A Localized Culture of Violence

H.L. Mencken once said “For every complex problem there is an answer that is clear, simple, and wrong.” This quote seems applicable to the activists who blame a “culture of violence” for the high rate of firearms-related homicides in the United States and propose restrictions on or elimination of 2nd Amendment rights as the solution. A previous article “Guns Don’t Kill People, Democrats Kill People” examined three diverse states and demonstrated that the majority of firearm homicides in 2013 occurred in the small fraction of the voter precincts that overwhelmingly voted for Democrat candidates.This dataset of homicides will be mapped against socioeconomic Census data to quantify the characteristics of the neighborhoods where firearm homicide is prevalent. The intent is not to generate counterintuitive or surprising results, but to provide data that supports the premise that the United States does not have a systemic firearm violence problem.  Then, by identifying the characteristics of these localized areas, suggest that more effective, albeit more difficult, approach to reducing firearm homicides would be to address the root causes of the “culture of violence” that appears to exist in these neighborhoods.

The previous article describes how a dataset containing a year of firearm homicides was compiled for Louisiana (a solidly red state with the highest firearm homicide rate in the country), Virginia (an election battleground state with a homicide rate that is close to the average firearm homicide rate for the country), and Minnesota (a solidly blue state with a low firearm homicide rate).  The location of each firearm homicide was mapped to a voting precinct.  The results indicated that over half of the firearm homicides occurred in the small percentage of voting precincts that gave President Obama more than 70% of the vote in the 2012 election.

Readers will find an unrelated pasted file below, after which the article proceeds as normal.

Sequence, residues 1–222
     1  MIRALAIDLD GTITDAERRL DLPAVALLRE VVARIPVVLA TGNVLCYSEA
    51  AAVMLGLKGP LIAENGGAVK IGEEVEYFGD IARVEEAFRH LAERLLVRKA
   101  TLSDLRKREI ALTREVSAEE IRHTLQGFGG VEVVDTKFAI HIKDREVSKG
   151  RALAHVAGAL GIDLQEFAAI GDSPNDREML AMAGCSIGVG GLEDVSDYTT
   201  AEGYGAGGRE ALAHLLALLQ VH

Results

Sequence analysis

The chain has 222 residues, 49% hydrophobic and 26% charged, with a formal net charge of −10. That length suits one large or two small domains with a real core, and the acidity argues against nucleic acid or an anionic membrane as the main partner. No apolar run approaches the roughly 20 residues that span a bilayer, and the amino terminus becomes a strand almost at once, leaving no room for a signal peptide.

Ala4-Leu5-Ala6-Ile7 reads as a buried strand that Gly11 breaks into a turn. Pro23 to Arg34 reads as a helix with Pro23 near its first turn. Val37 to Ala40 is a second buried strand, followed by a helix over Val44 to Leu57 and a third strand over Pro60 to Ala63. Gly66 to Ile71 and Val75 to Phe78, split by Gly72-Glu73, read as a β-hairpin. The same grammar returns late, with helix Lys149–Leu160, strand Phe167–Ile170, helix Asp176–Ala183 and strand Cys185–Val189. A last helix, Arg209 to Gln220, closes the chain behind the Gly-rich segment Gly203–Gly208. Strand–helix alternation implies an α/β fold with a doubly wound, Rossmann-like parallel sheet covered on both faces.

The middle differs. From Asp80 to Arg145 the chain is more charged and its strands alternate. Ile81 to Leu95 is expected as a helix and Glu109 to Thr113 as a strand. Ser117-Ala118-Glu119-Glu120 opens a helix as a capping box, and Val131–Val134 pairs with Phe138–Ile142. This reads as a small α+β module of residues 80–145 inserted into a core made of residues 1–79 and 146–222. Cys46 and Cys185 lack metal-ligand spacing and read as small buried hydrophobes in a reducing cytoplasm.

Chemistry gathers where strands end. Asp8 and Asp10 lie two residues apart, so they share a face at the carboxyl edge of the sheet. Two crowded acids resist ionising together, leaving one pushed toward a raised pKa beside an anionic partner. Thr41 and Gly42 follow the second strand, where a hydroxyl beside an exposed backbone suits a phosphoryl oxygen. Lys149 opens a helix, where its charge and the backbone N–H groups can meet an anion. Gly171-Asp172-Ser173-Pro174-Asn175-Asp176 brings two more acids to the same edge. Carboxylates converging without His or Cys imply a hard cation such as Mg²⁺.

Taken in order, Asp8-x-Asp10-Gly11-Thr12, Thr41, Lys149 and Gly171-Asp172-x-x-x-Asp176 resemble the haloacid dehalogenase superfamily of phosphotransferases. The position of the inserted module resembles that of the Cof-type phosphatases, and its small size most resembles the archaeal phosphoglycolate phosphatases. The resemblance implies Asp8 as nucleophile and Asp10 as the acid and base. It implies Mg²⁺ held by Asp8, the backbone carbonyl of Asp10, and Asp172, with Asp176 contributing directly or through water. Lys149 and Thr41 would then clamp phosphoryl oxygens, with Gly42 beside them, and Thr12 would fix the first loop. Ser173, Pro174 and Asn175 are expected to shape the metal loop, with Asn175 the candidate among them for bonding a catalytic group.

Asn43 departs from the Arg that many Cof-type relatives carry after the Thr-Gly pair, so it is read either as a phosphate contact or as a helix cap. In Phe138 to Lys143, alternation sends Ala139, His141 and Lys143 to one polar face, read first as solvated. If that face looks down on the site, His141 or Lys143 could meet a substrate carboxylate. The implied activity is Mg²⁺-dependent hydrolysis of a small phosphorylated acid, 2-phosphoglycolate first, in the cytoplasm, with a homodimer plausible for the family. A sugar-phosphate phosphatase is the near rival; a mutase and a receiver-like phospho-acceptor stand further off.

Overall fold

This same dataset is usedherein to map the location of each firearm homicide to a census tract. The Census Bureau defines a census tract as a “small, relatively permanent statistical subdivision of a county that contains an average of 4,000 people.”  The Census database contains census tract socioeconomicfactors (e.g., population, area, per capita income, ethnic composition) to provide a characterization of the neighborhood where the firearm homicides took place and to identify similarly composed census tracts.  This dataset does not presume to describe the characteristics of any individuals committing the firearm homicides or their victims; the publically available databases found to date have this information obscured to preclude the ability to make any such assessment.